Designated supervisors play a key part in helping trainee pharmacists develop the skills, knowledge and behaviours they need to meet the standards expected of a pharmacist, and to deliver patient-centred care.
Becoming a designated supervisor
To become a designated supervisor, you must:
- be a registered pharmacist in Great Britain
- have been registered for three years or more
- have been practising in the sector, or a related sector, of pharmacy in which you wish to supervise
- satisfy the assessment requirements if you are under investigation by us (have no sanctions or conditions on your registration and no current fitness to practise issues that stop you from being a designated supervisor)
If you have (or have previously had) any conditions or restrictions on your practice, we will assess if these will affect your ability to carry out your role as a designated supervisor, in line with the GPhC designated supervisor suitability policy [PDF 295.57 KB] . You may not meet the criteria to become a designated supervisor until the conditions or restrictions are lifted.
You do not have to undertake a training course to become a designated supervisor, but if you are new to the role it can be helpful. Many organisations offer courses – but remember that we do not accredit or endorse these.
Our guidance for foundation trainee supervisors [PDF 391 KB] will help you to understand the requirements of your role and to provide support and supervision to your trainee pharmacist.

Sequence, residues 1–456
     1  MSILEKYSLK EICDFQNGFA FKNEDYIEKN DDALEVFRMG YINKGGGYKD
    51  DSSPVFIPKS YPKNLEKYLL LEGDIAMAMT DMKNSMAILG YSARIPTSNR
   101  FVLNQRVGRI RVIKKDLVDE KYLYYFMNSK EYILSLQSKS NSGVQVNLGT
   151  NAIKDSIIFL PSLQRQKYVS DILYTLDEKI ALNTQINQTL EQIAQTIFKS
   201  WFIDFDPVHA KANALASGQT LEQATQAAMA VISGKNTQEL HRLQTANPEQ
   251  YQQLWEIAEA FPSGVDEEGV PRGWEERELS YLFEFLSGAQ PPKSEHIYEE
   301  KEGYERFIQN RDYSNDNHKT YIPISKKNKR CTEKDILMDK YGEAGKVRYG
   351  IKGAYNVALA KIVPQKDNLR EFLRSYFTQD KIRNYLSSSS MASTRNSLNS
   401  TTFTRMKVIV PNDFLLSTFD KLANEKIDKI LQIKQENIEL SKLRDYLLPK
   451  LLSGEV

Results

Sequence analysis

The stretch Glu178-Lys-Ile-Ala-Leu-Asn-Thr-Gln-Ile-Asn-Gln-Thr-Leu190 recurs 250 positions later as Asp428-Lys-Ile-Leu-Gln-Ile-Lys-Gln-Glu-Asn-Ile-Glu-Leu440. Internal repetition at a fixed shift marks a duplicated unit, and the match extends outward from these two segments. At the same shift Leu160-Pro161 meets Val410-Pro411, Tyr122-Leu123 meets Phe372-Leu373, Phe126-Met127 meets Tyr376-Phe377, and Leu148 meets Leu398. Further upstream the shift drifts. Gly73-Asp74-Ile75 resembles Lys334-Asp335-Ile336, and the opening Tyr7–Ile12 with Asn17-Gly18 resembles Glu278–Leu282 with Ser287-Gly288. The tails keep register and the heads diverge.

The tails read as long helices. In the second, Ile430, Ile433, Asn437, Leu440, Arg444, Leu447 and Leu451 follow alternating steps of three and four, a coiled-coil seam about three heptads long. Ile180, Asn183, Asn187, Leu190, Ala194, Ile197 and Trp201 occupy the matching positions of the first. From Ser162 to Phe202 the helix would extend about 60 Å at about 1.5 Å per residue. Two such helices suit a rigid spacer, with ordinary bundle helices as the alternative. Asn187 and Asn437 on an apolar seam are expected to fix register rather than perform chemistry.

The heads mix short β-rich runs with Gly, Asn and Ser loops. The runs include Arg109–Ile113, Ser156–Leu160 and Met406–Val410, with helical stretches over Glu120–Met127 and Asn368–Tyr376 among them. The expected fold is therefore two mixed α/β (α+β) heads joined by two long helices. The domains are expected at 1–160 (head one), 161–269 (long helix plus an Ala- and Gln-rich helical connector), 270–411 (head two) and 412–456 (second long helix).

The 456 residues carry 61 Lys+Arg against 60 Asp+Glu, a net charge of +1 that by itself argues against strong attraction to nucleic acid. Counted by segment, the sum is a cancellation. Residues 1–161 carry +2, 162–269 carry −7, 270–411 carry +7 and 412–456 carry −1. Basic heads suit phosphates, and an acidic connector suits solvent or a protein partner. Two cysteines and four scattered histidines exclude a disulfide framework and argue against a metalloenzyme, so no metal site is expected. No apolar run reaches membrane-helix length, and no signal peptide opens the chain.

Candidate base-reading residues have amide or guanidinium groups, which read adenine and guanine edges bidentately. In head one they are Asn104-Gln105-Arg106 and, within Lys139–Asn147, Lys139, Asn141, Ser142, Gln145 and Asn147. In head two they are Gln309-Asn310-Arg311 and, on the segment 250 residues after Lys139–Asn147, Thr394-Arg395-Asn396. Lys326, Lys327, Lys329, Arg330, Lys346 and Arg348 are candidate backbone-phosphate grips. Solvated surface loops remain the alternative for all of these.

There is also a designated supervisor development resource [PDF 522 KB] which will help prepare you for the role of tutoring trainees and for supporting others involved in training, including where to find help if there are problems with your trainee pharmacist.
Your role as a designated supervisor
Your effectiveness as a designated supervisor can make all the difference to a trainee’s experience of the foundation training year, and their future career as a pharmacist.
An essential part of supervising a foundation trainee is to act as a good role model by demonstrating professionalism to your trainee pharmacist, for example, by making sure your continuing professional development (CPD) is up to date.
You must sign a learning contract in partnership with your trainee pharmacist. This sets out the way you will work together to meet the aims of the foundation training placement.
You will also oversee your trainee pharmacist in their day-to-day work and complete a formal training report every 13 weeks, leading up to the final 52-week declaration where you will certify if the trainee has met all the interim learning outcomes and completed their training placement to a satisfactory standard – part of the criteria they need to meet to apply to become a registered pharmacist.